I can't really decide on the best way to treat the different channels (red, green, blue) in a color image when doing edge detection. Is it better to just average the magnitude of the gradient in each channel? Treat the channels separately and find red edges, green edges and blue edges? My pragmatic (if ad hoc) choice is to just add them all up, and use a cludge to keep from getting negative gray-scale values.

Here's the Python for gradient-based edges. The magnitude of each channel's gradient is subtracted from 255. Since gray-scale values range from 0 to 255 we use a

`max()`

function to set any resulting negative values to 0. The edges detected using this scheme are shown below, on the right. inpix = img.load()

s = 1.0;

# calculate the gradient in all three channels, sum of squares for mag

for y in xrange(2,h-1):

for x in xrange(2,w-1):

rdx = ( inpix[x+1,y][0] - inpix[x-1,y][0] )/2

gdx = ( inpix[x+1,y][1] - inpix[x-1,y][1] )/2

bdx = ( inpix[x+1,y][2] - inpix[x-1,y][2] )/2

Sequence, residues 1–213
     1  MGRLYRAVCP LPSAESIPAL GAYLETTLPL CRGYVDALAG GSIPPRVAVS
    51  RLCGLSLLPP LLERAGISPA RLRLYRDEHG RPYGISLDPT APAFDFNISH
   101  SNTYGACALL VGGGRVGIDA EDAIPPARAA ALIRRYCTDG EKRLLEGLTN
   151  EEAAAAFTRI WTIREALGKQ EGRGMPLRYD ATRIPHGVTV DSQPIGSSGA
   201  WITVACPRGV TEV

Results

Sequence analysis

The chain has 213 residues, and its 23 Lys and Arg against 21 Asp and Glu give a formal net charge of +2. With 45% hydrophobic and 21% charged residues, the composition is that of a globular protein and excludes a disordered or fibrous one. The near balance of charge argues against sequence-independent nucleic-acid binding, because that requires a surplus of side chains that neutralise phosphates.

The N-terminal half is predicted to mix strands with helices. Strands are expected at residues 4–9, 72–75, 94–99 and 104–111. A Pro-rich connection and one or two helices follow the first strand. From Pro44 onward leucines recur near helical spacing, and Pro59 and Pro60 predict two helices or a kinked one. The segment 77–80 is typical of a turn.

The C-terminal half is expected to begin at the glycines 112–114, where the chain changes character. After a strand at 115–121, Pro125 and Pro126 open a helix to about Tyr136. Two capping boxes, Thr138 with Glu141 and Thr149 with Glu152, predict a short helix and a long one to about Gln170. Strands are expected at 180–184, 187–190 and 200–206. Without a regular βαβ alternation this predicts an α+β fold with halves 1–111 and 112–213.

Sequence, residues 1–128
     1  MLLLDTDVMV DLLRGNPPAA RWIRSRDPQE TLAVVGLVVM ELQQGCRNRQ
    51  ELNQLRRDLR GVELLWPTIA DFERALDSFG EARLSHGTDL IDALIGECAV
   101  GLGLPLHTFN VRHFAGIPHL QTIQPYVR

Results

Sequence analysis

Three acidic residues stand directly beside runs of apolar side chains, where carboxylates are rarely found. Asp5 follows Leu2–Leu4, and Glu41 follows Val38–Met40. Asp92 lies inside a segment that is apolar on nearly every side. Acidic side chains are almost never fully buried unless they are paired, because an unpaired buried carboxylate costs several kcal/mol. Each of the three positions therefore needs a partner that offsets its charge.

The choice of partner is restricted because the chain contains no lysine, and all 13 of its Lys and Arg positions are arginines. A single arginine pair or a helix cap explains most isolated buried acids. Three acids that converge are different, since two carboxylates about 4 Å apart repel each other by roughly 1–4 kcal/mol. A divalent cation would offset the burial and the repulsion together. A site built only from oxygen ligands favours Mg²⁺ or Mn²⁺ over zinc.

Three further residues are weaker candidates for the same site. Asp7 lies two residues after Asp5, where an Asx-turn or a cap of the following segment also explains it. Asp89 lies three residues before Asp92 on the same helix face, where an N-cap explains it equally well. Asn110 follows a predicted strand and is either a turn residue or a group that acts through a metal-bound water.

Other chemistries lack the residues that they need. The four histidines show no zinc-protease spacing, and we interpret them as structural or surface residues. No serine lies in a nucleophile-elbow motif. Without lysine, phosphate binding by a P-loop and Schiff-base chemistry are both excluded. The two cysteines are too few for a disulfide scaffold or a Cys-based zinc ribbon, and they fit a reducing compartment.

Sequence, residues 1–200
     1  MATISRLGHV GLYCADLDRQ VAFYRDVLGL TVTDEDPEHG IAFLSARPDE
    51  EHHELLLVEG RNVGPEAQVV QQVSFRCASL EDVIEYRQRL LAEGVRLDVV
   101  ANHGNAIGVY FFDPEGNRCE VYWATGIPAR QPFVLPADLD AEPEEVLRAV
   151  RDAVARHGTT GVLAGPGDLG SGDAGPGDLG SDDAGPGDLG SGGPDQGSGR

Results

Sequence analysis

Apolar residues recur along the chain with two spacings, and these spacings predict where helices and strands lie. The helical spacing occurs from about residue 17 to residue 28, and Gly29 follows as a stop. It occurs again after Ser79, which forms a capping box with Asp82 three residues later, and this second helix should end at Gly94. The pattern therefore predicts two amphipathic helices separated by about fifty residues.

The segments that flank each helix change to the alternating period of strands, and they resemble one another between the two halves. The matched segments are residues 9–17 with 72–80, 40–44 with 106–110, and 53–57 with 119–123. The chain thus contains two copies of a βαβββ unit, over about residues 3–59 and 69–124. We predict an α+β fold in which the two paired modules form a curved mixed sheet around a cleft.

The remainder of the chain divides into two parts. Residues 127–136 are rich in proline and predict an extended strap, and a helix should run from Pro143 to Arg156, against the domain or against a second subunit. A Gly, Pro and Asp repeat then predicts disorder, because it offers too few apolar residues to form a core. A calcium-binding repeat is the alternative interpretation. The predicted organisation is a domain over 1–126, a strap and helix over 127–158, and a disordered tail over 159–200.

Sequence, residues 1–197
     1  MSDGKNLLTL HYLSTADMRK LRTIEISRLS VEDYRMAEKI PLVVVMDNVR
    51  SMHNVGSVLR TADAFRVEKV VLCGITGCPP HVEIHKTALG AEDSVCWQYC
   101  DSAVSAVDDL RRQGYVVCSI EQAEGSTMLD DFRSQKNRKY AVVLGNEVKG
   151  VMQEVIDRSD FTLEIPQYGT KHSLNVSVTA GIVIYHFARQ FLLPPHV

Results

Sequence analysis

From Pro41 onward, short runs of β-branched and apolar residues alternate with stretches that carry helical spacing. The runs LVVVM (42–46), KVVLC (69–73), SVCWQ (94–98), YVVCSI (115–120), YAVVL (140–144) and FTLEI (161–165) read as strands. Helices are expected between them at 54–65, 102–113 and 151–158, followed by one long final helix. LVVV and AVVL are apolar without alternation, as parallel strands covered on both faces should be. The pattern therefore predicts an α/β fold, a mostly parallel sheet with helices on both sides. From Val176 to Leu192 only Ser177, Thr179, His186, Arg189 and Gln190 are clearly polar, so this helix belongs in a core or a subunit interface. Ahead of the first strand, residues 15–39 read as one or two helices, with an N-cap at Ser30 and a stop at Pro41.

rdy = ( inpix[x,y+1][0] - inpix[x,y-1][0] )/2

gdy = ( inpix[x,y+1][1] - inpix[x,y-1][1] )/2

bdy = ( inpix[x,y+1][2] - inpix[x,y-1][2] )/2

outpix[x,y] = max( 0, 255 - s*( math.sqrt( rdx**2 + rdy**2 ) + math.sqrt( gdx**2 + gdy**2 ) + math.sqrt( bdx**2 + bdy**2 ) ) )

outimg.save(sys.argv[2],"JPEG")

Taking a careful look at the code, you may notice the parameter

`s`

floating around in there. This lets you "darken" the edges by choosing something larger than 1. Here's the same image with `s=3.0`

(on the left):Like in the previous image processing posts, these examples were made using the Python Imaging Library for image input/output and easy access to the pixels.

## No comments:

## Post a Comment